Clemens Viernickel: Helping software engineers to focus on algorithms rather than data handling

Clemens Viernickel: Helping software engineers to focus on algorithms rather than data handling

SiaSearch, a Berlin-based start-up, specialises in the handling of high data volumes generated from ADAS equipment such as cameras, LiDARS and radar. This data is considered the new oil that will drive the vehicles of tomorrow and will enable them to operate autonomously. SiaSearch has identified a need to structure such data and enable engineers to effectively interact with it in training and developing scenarios. In order to expedite the development of automated driving and commercial deployment of autonomous vehicles (AVs) at scale, there is a need to streamline the data-driven development process. We spoke to Clemens Viernickel, the Co-Founder & CEO of SiaSearch, about the story behind SiaSearch and how they are changing the way automakers work with raw sensor data.

Can you tell us a little about your company and its background?

We are a software start-up based in Berlin. SiaSearch started within Merantix, which is a leading company builder in the space of artificial intelligence. What this means is that Mernatix hires founders who want to start a company in the space of AI. These founders then develop an idea and hire a core team, which is later spun-out into its own venture. The whole operation is financed through a dedicated fund, which also invests in the new spin-out companies. We went through this process to start SiaSearch.

When it comes to the idea, this was very much inspired by the research of my co-founder Mark Pfeiffer. He completed his PhD at ETH Zurich in data-driven development for robotics and was heavily involved with autonomous driving research. In his work, he often got very frustrated by the difficulty of working with the data assets. There was simply no software that helped engineers like him deal with the mass of sensor data that are required to train and test self-driving robots. Mark and I met at Merantix, where I was already working with some German automotive OEMs on self-driving projects. At the time, I was surprised to see how slow and painful the development was at these huge companies. We then joined forces to change this with SiaSearch.

Can you explain the nature of the SiaSearch concept and how it stands out from other search tools?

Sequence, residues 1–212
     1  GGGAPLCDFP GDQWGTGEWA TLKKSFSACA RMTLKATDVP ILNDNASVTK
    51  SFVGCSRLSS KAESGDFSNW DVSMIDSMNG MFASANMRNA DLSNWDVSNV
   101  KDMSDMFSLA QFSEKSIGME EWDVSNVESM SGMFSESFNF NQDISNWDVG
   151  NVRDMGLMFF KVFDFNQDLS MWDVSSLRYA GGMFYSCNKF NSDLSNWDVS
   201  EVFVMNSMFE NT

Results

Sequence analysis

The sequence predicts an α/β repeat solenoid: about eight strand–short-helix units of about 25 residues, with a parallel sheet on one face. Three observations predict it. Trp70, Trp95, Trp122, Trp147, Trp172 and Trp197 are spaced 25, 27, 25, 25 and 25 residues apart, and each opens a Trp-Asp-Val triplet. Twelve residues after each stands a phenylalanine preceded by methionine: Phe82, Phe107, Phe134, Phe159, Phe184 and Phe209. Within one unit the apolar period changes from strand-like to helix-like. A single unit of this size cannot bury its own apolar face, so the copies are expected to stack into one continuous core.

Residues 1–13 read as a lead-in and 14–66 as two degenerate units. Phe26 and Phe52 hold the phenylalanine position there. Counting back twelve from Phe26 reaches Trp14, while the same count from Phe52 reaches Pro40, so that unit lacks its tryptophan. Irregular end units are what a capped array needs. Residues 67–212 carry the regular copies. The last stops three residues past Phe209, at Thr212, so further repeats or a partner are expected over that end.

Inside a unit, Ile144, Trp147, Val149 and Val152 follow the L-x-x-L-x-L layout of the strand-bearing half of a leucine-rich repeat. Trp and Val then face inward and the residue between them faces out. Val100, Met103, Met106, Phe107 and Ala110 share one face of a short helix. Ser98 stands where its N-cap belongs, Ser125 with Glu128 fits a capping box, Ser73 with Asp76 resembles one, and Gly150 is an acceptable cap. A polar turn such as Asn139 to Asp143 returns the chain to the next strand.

SiaSearch means "Filter-Search". Sia is Icelandic for filtering and this is what we try to do.

Building robust, industrial AI-like automated driving is extremely difficult. Everyone talks about algorithms, but up to 75% of engineering time is spent on low-skilled labour tasks, namely manually reviewing and selecting - hence filtering - masses of data instead of actually building the algorithms.

Building robust, industrial AI-like automated driving is extremely difficult. Everyone talks about algorithms, but up to 75% of engineering time is spent on low-skilled labour tasks, namely manually reviewing and selecting - hence filtering - masses of data instead of actually building the algorithms. This is because selecting the right data is the single most important thing to make AI work in a robust way. For frontier technologies like self-driving, most of this data is raw recordings from sensors. This data is inherently unstructured, which makes it impossible to access it with any kind of metadata or based on its content. There are petabytes of it already and it is growing quickly. And yet at the same time, there are no tools to work efficiently with this data.

That is why we've developed SiaSearch, a data management platform that automatically extracts frame-level, contextual metadata, and utilizes it for fast data exploration, selection, and evaluation. Automating these tasks with metadata can more than double engineering productivity and remove the bottleneck to building industrial AI. When we talk about metadata, it is important to note that we mean such data, that fully and comprehensively describes the content of the data.

The metadata needs to be so rich, that any given situation can be readily described using it, so that if the metadata is available, any kind of data can be easily found and accessed. In practice, an engineer could be looking for situations in say Germany, with rainy weather that features two pedestrians and two cars at an intersection, where the car is turning right and the pedestrian is crossing the street. SiaSearch enables engineers to search and find this kind of specific data sequence in an effortless and instantaneous way.

So there's a huge time saving?

Yes, the type of situation just described needs to be identified manually, by sifting through thousands of hours of data by hand. SiaSearch replaces any type of manual data search, aggregation, selection or evaluation which is performed by thousands of automotive engineers today. Instead of physically looking through recordings, 100% of the stored data can be searched and queried with rich metadata just as easy as any other type of database.

This is huge, because of the massive amount of time engineers spent on these manual data handling tasks today, either themselves or through overwhelmed data engineering teams. By automating away the data engineering, we truly accelerate development and make engineers more productive, which can hopefully accelerate the path to fully self-driving vehicles.

How are the tags created that enable the data to be sorted according to the needs of the user and is there a limit to the number of tags?

The tags, or metadata that SiaSearch extracts are a collection of algorithms, which we then run with a modern distributed processing pipeline on the customers' data storage. They can range from simple heuristic things such as spikes in vehicle dynamics, geo-location or weather, to highly complex models that might detect complex driving manoeuvres performed by the ego vehicle or by other traffic agents.

In general, we have a good balance of pre-trained models and more simple heuristics to create the tags. What they all have in common is that the algorithms output only the start and end timestamps of the given event. In our metadata storage, we keep just the timestamps and reference where an event starts or stops. This enables us to store much less metadata because there are no empty frames. At the same time, it enables SiaSearch to query the metadata very much faster than conventional databases, outperforming the query speed of common SQL and NoSQL solutions by three orders of magnitude.